I accidentally took a nap on our porch about a week after the incident with the lonely pillows. The wooden planks of Dave's balcony hung above our porch. The sun was shining gently like it does on warm days late in fall, when it's out there, leaving, heading farther and farther but the rays still land on my skin like someone calling from afar. From space. Warm and loving.

       Her car had not reappeared. Their cars had matching obscure bumper stickers, and it seemed sad for the stickers to be separated, missing that companionship in a world of unintelligible and unfriendly bumper stickers. I was reading The Lord of the Rings, but the catalogue of the heirs of Numenor put me to sleep. I felt bad for getting sleepy, but I put the book down and dozed. I woke a bit when the main door of the building opened and swung closed, and that's when I realized my blanket was down around my feet, leaving me awkwardly exposed. Through my lashes I saw Dave. I faked sleep. His sneakers snuck on the dead grass. Not a twig snapped. I faked it the best I could, smoothing my eyelids and my forehead, and let him approach. I didn't know what else to do. All he did was pull the blanket up over me, softly like a gentleman in a movie. I breathed slowly, trying not to give myself away. He was quiet, so much quieter than the rumble above our heads every night. Is he eating enough?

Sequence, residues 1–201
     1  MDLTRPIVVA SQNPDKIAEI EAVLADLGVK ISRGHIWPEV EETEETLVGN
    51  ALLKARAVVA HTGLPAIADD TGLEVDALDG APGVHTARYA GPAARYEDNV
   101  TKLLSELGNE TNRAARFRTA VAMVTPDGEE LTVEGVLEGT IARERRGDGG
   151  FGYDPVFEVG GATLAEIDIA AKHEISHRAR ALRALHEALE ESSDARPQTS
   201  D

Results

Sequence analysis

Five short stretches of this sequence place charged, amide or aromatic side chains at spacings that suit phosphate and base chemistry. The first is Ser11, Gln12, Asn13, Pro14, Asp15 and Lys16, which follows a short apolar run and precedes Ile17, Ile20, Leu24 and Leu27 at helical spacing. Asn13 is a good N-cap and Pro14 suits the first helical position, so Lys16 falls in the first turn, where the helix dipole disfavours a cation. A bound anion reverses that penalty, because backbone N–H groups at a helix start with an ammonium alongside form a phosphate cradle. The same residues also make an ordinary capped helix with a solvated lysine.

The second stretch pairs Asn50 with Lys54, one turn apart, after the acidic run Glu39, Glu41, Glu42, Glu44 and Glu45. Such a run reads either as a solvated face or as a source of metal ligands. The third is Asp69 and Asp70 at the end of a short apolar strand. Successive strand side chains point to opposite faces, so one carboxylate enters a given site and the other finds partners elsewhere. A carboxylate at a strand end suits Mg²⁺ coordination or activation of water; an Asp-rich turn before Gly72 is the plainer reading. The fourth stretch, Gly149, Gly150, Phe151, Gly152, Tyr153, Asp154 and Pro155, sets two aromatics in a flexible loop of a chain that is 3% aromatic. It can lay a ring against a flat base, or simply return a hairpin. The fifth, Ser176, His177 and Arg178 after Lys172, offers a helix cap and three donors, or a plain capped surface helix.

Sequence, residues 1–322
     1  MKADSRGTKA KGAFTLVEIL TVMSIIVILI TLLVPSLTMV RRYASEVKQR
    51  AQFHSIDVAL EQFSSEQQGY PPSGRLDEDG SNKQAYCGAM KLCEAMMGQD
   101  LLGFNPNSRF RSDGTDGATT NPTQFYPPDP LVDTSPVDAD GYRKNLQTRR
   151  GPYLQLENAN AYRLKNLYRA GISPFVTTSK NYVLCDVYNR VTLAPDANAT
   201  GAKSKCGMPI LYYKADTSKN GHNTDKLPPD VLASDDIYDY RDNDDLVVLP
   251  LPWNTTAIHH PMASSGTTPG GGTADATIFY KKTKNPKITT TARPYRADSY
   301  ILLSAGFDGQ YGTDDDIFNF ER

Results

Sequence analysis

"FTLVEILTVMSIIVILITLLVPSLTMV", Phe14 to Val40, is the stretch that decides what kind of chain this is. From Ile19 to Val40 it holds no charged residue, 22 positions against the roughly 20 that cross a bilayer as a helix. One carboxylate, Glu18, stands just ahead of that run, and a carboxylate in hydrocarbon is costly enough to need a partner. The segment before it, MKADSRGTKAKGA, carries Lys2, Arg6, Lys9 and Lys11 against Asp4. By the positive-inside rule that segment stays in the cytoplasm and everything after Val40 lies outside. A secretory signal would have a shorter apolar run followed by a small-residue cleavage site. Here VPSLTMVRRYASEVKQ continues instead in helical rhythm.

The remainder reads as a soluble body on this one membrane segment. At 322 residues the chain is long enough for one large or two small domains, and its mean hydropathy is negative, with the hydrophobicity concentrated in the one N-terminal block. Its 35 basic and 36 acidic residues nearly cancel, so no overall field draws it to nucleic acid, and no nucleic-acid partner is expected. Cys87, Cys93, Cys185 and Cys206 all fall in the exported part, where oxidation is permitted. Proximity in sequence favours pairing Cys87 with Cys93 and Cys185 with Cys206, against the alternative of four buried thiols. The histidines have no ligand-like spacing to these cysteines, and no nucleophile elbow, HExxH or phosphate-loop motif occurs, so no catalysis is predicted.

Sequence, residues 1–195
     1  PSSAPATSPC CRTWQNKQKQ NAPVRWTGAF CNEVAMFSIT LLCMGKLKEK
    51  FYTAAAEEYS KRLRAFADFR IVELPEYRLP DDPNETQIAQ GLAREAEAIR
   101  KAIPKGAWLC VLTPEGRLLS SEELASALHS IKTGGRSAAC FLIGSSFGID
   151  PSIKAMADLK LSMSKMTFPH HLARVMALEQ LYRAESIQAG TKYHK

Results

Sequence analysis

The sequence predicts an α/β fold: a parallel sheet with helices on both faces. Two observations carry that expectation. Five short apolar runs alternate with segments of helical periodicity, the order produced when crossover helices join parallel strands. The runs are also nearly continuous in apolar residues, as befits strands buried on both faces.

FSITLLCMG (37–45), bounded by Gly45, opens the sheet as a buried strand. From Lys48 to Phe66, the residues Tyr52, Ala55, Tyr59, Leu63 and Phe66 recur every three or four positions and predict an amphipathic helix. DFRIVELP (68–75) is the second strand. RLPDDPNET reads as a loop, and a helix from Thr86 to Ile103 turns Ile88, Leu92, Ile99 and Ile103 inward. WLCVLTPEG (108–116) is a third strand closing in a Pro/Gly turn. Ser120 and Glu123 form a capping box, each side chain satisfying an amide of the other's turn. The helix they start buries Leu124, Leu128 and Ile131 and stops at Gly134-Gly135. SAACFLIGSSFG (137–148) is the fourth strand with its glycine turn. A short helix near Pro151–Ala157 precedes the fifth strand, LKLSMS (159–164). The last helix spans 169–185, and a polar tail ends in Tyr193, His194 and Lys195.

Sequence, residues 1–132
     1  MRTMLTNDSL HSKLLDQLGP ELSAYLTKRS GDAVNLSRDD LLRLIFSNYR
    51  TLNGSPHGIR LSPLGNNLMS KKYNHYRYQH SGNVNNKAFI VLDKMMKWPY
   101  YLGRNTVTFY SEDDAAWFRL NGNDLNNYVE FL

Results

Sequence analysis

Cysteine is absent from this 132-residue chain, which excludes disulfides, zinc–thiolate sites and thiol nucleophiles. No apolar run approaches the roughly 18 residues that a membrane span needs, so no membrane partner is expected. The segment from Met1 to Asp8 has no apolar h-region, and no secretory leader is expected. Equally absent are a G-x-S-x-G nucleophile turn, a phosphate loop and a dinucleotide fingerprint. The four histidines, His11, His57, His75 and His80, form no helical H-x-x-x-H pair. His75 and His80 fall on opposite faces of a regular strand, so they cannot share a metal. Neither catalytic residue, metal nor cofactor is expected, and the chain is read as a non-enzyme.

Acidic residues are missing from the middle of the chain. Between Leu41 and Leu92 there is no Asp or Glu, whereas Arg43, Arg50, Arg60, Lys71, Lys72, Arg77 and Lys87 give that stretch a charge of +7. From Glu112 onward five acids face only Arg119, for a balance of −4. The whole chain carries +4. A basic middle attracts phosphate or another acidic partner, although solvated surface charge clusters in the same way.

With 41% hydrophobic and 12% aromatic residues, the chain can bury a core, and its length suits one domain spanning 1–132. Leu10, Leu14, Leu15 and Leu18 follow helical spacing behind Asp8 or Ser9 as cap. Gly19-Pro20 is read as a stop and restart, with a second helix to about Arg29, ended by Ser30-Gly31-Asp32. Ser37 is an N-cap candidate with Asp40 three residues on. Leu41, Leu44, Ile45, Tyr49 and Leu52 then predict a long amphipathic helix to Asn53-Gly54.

Every day I pull up to the building and wonder if he's up there. He's avoiding me. Or maybe I just haven't gotten over snooping on him as his relationship unravelled, one driving away in a shiny car and the other circling, vacuuming, stuck in that shitty second floor apartment. I assume they used their apartment the same way we use ours. In the bedroom they shared, the bed is in the same place. They have dark closet doors with the same fake swirls of oak or chestnut or whatever. The second bedroom is for guests. I don't know that they actually broke up. Both names are still on the mailbox. They lived together longer than we've been here and we're practically home owners as far as renters go. Five years is a long time in this neighborhood. I ask Alan not to throw my shit out the window if he decides to kick me out.

       So I crashed my bike less than a block from home. I hobbled to the front door, holding the handlebars with my fingertips, because the rest of the skin was wrecked pretty bad. I locked my bike to a stop sign and walked up the steps to the apartment. It hurts less if you hobble and make a big show of it. I winced, then patted and prodded my pockets. No keys. No jangling lump in any pockets.